Roadblock, one the leaders of the Midnight Ridazz and the Wolfpack Hustle, offers advice for riders who are going to brave the smoke on longer trips:

The wind is important to planning your trip. Guage the wind and terrain. The idea is to stay upwind from the smoke at all times. Barring that, if possible, try to take downhill routes in the smokey areas and try to place the the uphill portion of your route upwind of the fires. It might mean adding 10 or 15 miles to your route in the same manner that sailboats zig and zag across the ocean using triangular routes against the current of the wind to reach their destination. If all else fails hit the subway or take the bus.

Last but not least, Ron Milam, another LACBC co-founder and a consultant with Ron Milam consulting, offers his sage advice:

This is what the air quality was like when I grew up in L.A., which makes me appreciate how far we’ve come as a region to clean our air. I continue to ride during the fires and am intentionally riding a little slower so I don’t breathe as hard.

  • M

    Thank you!

    Does anyone have links to recommended filtering face masks?

  • I think Roadblock is on the right track. Your options may be limited if you ride for transportation rather than recreation — you’ve got to go where you’ve got to go, regardless of the air quality.

    However, if you ride for recreation, plan a route that takes you towards the coast. Here on the Westside, we’ve been getting smoke at night and in the morning, as the winds blow towards the ocean. But once the winds reverse, around 10 am or so, it usually blows the smoke back inland and you get several hours of clear air.

    I’ve been able to ride the last week with just minimal disruption; in fact, I’m leaving in a few minutes on a ride that will take me from Westwood to Hermosa and should have clean air the whole way.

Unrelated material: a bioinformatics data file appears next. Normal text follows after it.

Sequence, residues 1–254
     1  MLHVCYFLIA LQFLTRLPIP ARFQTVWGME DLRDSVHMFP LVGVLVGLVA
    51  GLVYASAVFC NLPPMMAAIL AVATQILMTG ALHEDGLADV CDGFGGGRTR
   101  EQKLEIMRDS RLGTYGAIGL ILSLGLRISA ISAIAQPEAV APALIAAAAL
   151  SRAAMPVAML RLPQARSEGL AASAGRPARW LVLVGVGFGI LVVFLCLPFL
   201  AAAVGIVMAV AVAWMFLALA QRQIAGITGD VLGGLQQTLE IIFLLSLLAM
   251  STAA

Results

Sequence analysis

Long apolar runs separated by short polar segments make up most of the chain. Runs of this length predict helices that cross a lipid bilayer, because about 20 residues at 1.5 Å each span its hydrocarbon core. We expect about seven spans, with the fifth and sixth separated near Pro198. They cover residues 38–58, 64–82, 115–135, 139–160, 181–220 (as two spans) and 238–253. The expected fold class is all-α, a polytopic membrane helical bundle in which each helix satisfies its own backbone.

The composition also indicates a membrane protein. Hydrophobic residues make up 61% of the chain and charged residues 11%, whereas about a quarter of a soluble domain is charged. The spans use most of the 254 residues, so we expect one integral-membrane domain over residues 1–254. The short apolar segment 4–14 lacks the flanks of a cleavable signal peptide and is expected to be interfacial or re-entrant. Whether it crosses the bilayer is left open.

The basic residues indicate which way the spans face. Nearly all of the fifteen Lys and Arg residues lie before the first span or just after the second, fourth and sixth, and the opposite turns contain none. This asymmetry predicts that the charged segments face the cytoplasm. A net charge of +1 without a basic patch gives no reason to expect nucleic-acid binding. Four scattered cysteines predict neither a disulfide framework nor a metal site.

As for wearing masks, you should be able to pick up a mask that will do the trick at any drug store or paint store. And as a last resort, a bandana tied over your face makes an effective air filter — just don’t wear it into a bank or a liquor store.

  • Self-deprecating LOL @ my “an obligatory shot at car-culture” … True, true… I guess I am that predictable.

    Shay’s advice is really good. And the fires are really scary…

    (Joe’s predictable parting anti-car-culture shot: It is one of my many anti-car pet peeves that cars are the solution that contributes to the vicious cycle that makes the problem worse. Mainstream logic does stuff like this: Dangerous traffic? Don’t bike, drive. Dangerous air? Don’t bike, drive. Streets congested? Add more space for cars.)

  • DLM

    Just a quick note to point out that a bandana actually does almost nothing to filter polluted air. The particles that are dangerous are far too small to be filtered by normal fabric. Basic dust/surgical masks that can be gotten at any hardware/paint/pharmacy store will do much more. There are some that are impregnated with activated carbon (and will be grey instead of white) which reduce the chemicals that you breathe as well as the particulates.

    Not to contradict you, just want to get the best info out there as possible. :)

  • Thanks for the correction, DLM. I’ve used a bandana to ride through snow storms and blowing sand, and assumed it would work on smoke as well.

    And I never object to being contradicted by someone who knows more about the subject than I do.

  • People living in cities are exposed to pollution as it is. The benefits of biking far outweigh the health effects you get by staying indoors. So, take your bike out by all means. Just steer clear of congested roads- and wear a useless mask! Did you notice that none of the manufacturers make any claims about their efficacy? Hmmmm…